FilmDayton talks business

Annual film festival focuses on life behind and in front of the camera

By T.T. Stern-Enzi

Photo: “Breaking A Monster” will screen at 7:30 p.m. on Saturday, Oct. 24 during the Eichelberger FilmDayton Festival

As part of its early marketing and promotional blast, the team behind the seventh annual Eichelberger FilmDayton Festival, Oct. 23-25, announced that this year, the focus would be on showcasing “the business of film,” meaning, “far from being simply about the actors in front of the camera,” FilmDayton President Shaunn Baker says, “the film industry would not exist without dedicated professionals working behind the scenes.”

And just so attendees appreciate that Baker was not just paying lip service to that sentiment, the opening event on Friday, Oct. 23, from 5–7 p.m. at the Dayton Convention Center is a reception (Hey, a party!) and a “PITCH IT!” session for would-be storytellers with a screenplay, teleplay, fictional manuscript, web series, short film or an idea waiting to be transmitted from your brain stem into some format or another. Each participant gets two minutes to pitch their project to a panel of professionals (agents, producers, managers and screenwriters) with the chance to snag a cash prize: $1,000 of initial funds to jumpstart the creative conversion process. The event has become a staple of the festival and actively engages audiences and participants alike, setting the stage and tone that immerses everyone in the business, right off the bat.

The final day of the festival kicks off with a must-attend workshop facilitated by filmmaker Doug Lodato, who graduated and pursued his dream to make movies by raising over three-quarters of a million dollars, and—through private investors—produced a film that ultimately lost all of those investment dollars. That experience led Lodato on an odyssey to learn the in’s and out’s of film financing, so he would never suffer a similar situation again. And thanks to FilmDayton, aspiring filmmakers and their local supporters can benefit from his wealth of much-needed insight.

The lesson here is so much time and effort is spent addressing the creative side of any and all art forms, we tend to overlook the very real and practical concerns that truly make or break the artist and the work. It is not always necessary for the artist to have equal command of both the creative and the financial details, but an understanding of the big picture is vital. Take advantage of this unique opportunity.

Of course, the heart of the festival is (and should be) the schedule of films, and this year’s program comes stuffed to the breaking point with a variety of films crossing genres and formats with the fluid and graceful flow of an old school DJ furiously working two turntables and a microphone.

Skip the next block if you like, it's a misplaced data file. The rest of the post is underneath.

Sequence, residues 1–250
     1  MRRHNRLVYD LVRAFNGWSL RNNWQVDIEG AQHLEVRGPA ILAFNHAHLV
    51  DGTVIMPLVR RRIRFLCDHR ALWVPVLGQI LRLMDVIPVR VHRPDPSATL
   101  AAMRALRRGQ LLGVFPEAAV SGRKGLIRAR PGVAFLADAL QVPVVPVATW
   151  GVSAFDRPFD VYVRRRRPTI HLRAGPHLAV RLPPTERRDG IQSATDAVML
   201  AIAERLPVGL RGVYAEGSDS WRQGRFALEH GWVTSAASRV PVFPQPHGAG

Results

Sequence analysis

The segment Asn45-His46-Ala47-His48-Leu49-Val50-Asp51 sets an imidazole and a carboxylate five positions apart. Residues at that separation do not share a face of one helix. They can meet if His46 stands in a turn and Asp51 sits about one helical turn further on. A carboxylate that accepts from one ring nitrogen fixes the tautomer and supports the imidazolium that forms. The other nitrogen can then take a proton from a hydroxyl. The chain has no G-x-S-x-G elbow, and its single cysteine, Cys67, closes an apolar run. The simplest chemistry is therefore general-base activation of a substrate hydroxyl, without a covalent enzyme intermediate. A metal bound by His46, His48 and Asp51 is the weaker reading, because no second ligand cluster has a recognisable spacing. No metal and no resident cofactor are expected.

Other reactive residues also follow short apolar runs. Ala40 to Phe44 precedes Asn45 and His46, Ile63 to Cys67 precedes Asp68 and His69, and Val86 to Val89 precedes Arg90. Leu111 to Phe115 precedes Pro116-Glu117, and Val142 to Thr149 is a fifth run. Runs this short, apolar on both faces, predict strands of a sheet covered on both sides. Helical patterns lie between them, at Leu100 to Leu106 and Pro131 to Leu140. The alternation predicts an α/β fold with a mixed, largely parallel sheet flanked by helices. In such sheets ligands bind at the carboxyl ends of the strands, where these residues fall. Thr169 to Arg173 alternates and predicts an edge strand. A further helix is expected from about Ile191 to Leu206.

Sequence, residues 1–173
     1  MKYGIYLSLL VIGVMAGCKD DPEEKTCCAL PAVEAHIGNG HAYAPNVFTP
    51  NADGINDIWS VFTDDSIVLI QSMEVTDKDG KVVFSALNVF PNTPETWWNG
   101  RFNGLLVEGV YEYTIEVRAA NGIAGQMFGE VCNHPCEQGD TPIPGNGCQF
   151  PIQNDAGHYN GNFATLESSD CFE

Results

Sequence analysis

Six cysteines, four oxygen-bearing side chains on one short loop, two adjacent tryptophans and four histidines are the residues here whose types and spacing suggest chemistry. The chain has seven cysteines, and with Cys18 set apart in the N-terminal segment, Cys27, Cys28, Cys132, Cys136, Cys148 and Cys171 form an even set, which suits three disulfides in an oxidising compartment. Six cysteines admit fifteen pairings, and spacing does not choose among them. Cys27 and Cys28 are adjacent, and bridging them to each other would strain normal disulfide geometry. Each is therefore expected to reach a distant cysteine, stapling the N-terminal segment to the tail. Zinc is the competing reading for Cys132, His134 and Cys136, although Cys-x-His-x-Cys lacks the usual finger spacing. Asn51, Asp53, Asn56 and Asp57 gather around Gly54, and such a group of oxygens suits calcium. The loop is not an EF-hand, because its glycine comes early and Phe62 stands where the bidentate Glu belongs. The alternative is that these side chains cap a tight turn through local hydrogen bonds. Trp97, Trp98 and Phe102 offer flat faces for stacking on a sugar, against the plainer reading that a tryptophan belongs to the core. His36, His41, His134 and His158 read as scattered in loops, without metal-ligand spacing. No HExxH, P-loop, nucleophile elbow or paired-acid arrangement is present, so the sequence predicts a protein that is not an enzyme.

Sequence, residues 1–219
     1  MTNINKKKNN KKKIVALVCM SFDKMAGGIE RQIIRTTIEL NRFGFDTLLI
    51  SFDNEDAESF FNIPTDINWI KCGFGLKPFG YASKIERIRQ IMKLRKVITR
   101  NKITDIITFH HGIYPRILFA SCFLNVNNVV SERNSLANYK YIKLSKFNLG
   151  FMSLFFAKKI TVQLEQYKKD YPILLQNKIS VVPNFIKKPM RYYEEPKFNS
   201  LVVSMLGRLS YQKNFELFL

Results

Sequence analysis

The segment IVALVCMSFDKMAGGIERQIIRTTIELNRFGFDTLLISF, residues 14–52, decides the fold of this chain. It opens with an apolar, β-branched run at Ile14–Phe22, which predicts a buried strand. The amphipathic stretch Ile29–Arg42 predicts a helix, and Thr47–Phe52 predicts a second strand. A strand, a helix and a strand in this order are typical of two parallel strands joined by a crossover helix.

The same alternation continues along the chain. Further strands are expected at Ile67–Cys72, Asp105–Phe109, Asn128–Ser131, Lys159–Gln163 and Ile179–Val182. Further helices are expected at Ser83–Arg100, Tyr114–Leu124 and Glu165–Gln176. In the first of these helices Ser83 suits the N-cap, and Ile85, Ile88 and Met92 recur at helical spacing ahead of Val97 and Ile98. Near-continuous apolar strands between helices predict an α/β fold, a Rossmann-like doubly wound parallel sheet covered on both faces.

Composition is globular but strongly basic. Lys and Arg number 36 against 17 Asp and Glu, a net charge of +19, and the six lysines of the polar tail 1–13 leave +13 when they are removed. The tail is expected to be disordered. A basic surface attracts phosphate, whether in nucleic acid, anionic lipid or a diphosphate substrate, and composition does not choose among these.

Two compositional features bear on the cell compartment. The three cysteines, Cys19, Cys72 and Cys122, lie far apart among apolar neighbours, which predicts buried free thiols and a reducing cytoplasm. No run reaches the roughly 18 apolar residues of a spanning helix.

In terms of film, Opening Night ends with a creepy teaser—“Seven Hells”—collecting seven horror/comedy shorts from the premiere horror festivals. The intention is to inspire shocks and giggles in equal measure as a prelude to Halloween. Saturday features a full 90-minute block of high school shorts from around the country (with a couple of selections from Canada and Australia for international flavor). Later that afternoon, a program of Ohio shorts debuts as well. In between, regional audiences in search of timely drama might want to check out “Akron,” which paints a portrait of a University of Akron freshman who meets a fellow student at a football game and embarks on a perilous relationship with tragic ties to a secret shared by the mothers of the two young men.

Having thoroughly enjoyed a musical extravaganza at this year’s Toronto International Film Festival, I personally am intrigued by “Breaking a Monster,” a documentary that examines the road traveled by the new band Unlocking the Truth, a group of 13-year old African American teens with dreams of rocking and shattering barriers and expectations on their way to becoming stars. As a proud parent of a teenage female drummer, I would urge any and all parents with music-minded children to tune in to this one.

It looks like this year’s installment of the FilmDayton Festival aims to hopelessly blur the boundaries and notions between the action in front of and behind the camera. Plug into the action all around!

The 7th Annual Eichelberger FilmDayton Festival will run from Friday, Oct. 23-Sunday, Oct. 25. All screenings will take place at The Neon. All-access passes are $75, Flex Passes (three events) are $25, and single tickets are $10. For tickets and a full weekend schedule, visit filmdayton.com

Reach DCP film critic T.T. Stern-Enzi at Film@DaytonCityPaper.com and visit his blog for additional film reviews at terrencetodd.wordpress.com.

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Reach DCP Film Critic T.T. Stern-Enzi at Film@DaytonCityPaper.com and visit his blog for additional film reviews at TerrenceTodd.com. You can also follow him on Twitter at @ttsternenzi.

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